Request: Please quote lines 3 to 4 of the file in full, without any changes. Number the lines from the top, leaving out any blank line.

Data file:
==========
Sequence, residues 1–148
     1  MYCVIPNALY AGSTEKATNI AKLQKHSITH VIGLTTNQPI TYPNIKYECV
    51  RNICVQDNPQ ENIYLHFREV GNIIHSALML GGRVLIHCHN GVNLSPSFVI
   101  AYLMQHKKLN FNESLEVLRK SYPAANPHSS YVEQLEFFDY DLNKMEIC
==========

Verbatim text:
    51  RNICVQDNPQ ENIYLHFREV GNIIHSALML GGRVLIHCHN GVNLSPSFVI
   101  AYLMQHKKLN FNESLEVLRK SYPAANPHSS YVEQLEFFDY DLNKMEIC